Once you have a list of targets in view, an integrated Account-Based Marketing program will help to align the efforts of marketing and business development, while providing more intentional and proactive support during a long and complex sales cycle.
As you develop your strategy and create your marketing plan, don’t just think about business development, but instead plan for the entire “client journey.” In order to meet the growing demands and expectations of clients, firms should establish marketing-led client experience (CX) programs that manage the end-to-end experience. At its core, CX is about becoming advocates for your clients, in order to turn clients into advocates for you. And it’s looking holistically at the client lifecycle — from prospect to client and client to advocate — with the goal of providing exceptional, personalized, value-adding, differentiated experiences at every touch point along the way. While there has historically been and emphasis on pursuits (proposals, SOQs and interview presentations), A/E/C marketers can add more value to their firms by also focusing on turning clients into advocates through a strategic CX program.
As part of your marketing strategy, it’s important to consider how you’re going to communicate with your audience using targeted, relevant content that meets them where they are in the client lifecycle. Modern marketing is all about customization, personalization and contextualization. That means your marketing communication needs to be much more focused than it has been in the past. They have to be strategic — making sure you are sending the right message, to the right audience, at the right time and using the right channel.
Many A/E/C firms struggle with marketing plans: they either don’t have one at all, their marketing plan is more of a glorified “top ten” to-do list or they’ve had the same basic plan for years. But once you’ve narrowed your focus and identified your best opportunities for growth, you need to craft a marketing plan that supports the strategy. So no matter which camp you may fall into, it’s absolutely critical to start each year with a comprehensive marketing and communications plan for your firm.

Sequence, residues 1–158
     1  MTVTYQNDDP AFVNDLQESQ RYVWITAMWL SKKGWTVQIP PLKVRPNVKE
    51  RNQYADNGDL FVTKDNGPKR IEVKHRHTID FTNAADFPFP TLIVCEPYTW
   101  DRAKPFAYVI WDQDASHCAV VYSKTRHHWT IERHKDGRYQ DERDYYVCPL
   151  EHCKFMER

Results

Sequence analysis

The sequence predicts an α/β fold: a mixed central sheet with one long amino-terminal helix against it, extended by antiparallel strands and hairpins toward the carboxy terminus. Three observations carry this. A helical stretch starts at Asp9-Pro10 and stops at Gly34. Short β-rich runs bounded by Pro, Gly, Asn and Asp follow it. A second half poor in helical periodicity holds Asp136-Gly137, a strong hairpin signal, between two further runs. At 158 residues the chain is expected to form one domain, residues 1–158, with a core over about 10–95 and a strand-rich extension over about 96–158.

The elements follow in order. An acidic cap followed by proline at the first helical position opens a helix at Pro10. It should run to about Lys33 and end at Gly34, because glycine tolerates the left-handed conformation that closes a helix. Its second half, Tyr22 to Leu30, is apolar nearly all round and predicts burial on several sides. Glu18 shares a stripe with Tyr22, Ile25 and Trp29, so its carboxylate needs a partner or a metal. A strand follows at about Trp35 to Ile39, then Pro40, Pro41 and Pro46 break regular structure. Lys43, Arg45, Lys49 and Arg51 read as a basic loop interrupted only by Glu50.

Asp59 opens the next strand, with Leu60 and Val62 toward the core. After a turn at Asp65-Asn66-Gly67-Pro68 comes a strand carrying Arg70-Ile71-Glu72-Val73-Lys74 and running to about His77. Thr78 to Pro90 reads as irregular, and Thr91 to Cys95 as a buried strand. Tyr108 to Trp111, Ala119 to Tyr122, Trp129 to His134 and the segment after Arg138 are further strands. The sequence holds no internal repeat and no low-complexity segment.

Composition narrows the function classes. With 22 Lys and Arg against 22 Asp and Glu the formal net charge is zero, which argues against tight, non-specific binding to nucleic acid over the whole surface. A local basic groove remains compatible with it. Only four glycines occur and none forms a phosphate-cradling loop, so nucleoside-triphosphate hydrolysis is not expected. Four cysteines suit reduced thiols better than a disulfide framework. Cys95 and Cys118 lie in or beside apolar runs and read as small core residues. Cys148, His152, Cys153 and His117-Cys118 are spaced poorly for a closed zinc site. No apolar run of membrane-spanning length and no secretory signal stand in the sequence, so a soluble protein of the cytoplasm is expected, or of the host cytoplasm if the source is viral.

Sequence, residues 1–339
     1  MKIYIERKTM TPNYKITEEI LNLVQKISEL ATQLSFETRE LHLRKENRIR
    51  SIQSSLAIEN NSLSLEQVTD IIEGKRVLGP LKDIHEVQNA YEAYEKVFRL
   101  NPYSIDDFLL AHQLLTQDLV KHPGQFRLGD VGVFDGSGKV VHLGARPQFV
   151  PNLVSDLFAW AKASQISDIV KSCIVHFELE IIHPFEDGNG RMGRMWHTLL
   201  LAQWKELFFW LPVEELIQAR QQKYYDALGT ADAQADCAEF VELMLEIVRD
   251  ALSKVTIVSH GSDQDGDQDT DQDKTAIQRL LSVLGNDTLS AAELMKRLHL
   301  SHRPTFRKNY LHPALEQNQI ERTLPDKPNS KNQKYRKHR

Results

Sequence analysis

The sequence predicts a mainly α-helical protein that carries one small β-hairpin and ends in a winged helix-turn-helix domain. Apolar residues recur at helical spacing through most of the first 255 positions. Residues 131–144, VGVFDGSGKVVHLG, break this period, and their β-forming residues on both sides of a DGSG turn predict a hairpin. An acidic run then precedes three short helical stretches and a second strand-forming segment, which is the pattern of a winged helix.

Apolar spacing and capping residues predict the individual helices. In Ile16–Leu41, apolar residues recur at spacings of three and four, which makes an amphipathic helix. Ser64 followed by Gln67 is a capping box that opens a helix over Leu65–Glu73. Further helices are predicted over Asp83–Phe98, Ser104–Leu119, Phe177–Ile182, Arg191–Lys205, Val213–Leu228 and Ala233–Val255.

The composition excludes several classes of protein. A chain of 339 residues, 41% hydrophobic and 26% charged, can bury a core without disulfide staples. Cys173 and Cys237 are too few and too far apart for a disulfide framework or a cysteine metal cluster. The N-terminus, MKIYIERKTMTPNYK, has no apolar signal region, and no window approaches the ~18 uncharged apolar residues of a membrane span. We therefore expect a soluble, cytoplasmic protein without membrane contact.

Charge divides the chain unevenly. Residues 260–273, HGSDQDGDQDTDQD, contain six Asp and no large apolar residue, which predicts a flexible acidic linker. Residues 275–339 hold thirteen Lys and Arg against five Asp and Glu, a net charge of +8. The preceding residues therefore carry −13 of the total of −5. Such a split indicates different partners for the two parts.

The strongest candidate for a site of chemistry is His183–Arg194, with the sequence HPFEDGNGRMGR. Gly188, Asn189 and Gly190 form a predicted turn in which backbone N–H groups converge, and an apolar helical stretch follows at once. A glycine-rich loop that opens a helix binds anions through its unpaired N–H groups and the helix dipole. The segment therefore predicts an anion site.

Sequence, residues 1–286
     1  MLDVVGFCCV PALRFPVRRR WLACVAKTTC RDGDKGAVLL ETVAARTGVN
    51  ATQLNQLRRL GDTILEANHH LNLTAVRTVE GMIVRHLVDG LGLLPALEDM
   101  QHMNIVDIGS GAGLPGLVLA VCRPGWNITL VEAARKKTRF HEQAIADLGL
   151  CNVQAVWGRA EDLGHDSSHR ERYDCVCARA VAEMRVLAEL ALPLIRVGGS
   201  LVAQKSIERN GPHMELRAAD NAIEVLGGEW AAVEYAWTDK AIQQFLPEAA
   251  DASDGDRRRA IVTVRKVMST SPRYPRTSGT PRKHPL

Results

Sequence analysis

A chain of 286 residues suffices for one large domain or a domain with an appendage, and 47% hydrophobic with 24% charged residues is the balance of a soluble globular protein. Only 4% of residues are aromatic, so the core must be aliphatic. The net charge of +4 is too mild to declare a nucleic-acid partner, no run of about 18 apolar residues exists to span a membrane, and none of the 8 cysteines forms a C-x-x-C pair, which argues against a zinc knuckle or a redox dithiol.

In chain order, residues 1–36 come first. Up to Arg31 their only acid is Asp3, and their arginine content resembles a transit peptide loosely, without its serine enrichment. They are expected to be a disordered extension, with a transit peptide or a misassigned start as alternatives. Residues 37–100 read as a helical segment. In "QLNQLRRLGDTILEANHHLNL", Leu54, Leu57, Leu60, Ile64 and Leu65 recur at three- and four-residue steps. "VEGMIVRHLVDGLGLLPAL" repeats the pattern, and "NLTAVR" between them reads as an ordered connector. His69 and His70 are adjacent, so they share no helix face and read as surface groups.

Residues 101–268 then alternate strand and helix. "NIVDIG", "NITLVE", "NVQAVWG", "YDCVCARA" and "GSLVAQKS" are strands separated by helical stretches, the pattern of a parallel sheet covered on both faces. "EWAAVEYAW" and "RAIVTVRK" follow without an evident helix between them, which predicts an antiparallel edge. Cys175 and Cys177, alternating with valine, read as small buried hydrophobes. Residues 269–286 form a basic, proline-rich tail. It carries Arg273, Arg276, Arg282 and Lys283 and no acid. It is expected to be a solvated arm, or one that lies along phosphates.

Along with a marketing strategy and marketing plan comes a marketing budget. And I propose that many A/E/C firms need to rethink their marketing budgets entirely. The fact is, there is a whole new marketing ecosystem and it’s becoming increasingly digital.
Basing next year’s budget on this year’s spending is not a strategic way to budget. Your marketing budget should be tied to your marketing plan and built on what you need to spend in order to accomplish the marketing strategy you’ve put in place.
Marketing strategy is one of those things where an outside consultant can be a real asset. The truth is, many A/E/C firms have a hard time thinking strategically. Strategic plans can look more like tactical plans, which is why a lot of firms bring in an outside consultant to help with strategic planning. But a marketing plan is no different!
Bringing in outside help can provide a unique, unbiased perspective and identify things that your firm’s leaders might not otherwise notice. Additionally, a marketing agency with expertise in the A/E/C industry can help firms navigate the changing landscape and put together a winning strategy that positions your firm for long-term success.
Developing a solid marketing strategy is critical to the success of an A/E/C firm’s business. With the right focus and approach, the tips can help your firm refine and improve your marketing strategy and position your firm for greater success.